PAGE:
You’ve mentioned that your favorite quote is “chance favors the prepared mind” and that it has been a mantra for you in your life since you started writing songs. What is it about that quote that speaks to you so deeply?
I’ve noticed that life is full of surprises but it’s also full of patterns and routines. In short, there are some things outside of one’s control but there are also actions that a person can take to make life better for others and themselves. That’s the easiest way to explain it I think and there are intonations of this mantra in my music. It also came from a forward thinking mind named Louis Pasteur who revolutionised the field of science. And I want to be a revolutionary person.
You mentioned a few years back that you would be open to producing music for other artists who want to create and share your same artistic vision. How would you describe your artistic vision? Have you had the opportunity to produce for others yet or had future opportunities present themselves?
My overall artistic vision is to be as creative as possible to make art that influences the listener’s soul and to hopefully add joy to their life. I don’t just want to make art, I want to leave a legacy. That can come through many avenues such as touring and collaborations but I’m open to pretty much whatever. As far as producing for others goes, not a lot of that has happened yet, but Josh sometimes has me help out with other artists.
What can you tell me about your latest single “Disco Moon”? What was the idea behind the music video for the song? It’s a cool video and looks like it was fun to make!
The whole process was absolutely a lot of fun. We filmed it in several locations around Austin. For the video we wanted to have themes of both exploration and living in a joyful existence, which are kind of the themes of the song. We wanted to keep with the extraterrestrial concept as well. After filming, we really worked at making it a multi-sensory stimulating experience by experimenting with filters. Eddie Rodriguez did an amazing job both filming and editing.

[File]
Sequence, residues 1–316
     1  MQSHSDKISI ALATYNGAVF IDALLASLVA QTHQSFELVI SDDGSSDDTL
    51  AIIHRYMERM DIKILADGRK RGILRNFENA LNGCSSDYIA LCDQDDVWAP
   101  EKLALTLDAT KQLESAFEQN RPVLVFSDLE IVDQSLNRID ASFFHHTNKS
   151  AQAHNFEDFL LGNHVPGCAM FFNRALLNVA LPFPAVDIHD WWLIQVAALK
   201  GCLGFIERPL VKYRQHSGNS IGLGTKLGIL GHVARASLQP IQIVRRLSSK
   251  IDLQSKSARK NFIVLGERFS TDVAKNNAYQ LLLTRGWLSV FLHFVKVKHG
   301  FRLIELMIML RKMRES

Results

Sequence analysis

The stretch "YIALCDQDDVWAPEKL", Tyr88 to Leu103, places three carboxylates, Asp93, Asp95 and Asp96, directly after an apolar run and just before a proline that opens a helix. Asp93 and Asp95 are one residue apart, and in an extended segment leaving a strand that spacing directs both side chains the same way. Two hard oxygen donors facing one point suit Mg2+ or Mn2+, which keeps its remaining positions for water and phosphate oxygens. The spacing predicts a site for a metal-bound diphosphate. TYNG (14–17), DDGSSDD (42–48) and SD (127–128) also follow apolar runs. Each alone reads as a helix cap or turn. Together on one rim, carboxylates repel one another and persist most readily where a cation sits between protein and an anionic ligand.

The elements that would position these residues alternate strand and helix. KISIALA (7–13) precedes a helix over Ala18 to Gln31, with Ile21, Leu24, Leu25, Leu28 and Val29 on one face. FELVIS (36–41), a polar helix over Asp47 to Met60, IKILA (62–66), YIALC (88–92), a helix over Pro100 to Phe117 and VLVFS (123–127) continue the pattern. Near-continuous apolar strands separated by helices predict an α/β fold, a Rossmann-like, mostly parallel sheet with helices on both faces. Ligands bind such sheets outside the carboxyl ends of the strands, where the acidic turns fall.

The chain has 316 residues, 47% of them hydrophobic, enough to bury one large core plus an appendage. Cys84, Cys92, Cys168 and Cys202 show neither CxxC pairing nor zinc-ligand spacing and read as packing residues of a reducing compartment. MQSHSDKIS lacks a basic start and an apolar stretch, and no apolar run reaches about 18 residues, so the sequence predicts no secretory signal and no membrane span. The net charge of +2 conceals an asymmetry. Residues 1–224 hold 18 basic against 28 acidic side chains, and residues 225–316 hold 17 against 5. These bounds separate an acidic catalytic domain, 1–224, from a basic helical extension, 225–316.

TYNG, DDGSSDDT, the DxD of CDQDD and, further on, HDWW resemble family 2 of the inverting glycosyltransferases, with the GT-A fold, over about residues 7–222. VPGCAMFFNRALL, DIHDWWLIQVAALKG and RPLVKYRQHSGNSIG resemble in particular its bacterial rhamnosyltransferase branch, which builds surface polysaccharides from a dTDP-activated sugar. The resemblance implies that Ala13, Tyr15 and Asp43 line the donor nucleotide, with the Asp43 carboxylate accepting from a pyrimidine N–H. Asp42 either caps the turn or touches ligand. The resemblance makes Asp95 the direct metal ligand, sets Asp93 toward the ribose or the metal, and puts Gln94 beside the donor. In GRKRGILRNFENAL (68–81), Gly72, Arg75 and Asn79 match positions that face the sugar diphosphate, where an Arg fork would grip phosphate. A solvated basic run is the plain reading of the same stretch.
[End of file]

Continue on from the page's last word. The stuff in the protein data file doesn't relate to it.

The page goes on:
You currently reside in Austin, TX. I have heard the city described as genreless and as a very supportive and creative environment for musicians. What led you to move there and what do you love and find most inspiring about being a part of the city’s music community? Do you find the blend of so many genres of music especially inspiring?
I definitely moved here for music opportunities that my hometown couldn’t provide. Most of the scene is very guitar-driven and has a lot of rock influence, however the musician network is very supportive. There’s usually plenty of people willing to help out. I do enjoy the blend of genres. All kinds of bands come through here and it’s often easy to catch a unique and audibly pleasing show. Austin is definitely a creative hub but I believe it can be milked some more.
What was the idea behind the cover art for the ‘New Ways’ EP? Who designed the artwork?
My roommate Colin who taught me Ableton designed this album and by debut EP as well. For ‘New Ways’ I just had him listen to the and gave him creative freedom with the music as inspiration. My only requests were to make it colorful and vivid. I think he did an amazing job.
Your album release show on July 5th was your first time playing with a full band! What was that experience like for you? What were some highlights from the show? Do you have plans to play with a full band going forward?
That was probably my favorite show to date; we rocked it out from the very first downbeat. There was a decent amount of people there and the feedback was great. I opened with “Two-Door Coupe” and that drew people’s attention instantly. Another highlight was our cover of Nathaniel Rateliff’s “You Worry Me.” A lot of people had their phones out filming that one. I am definitely playing with a drummer from here on out except for various intimate shows. Still working on getting a permanent bassist lined up.
What’s next for you?
I’m just booking some more shows for the fall. Check my website/social medias for updates. I have some demos almost finished but whether I get into the studio again before the end of the year or not just depends on life really. I’m not in a super rush.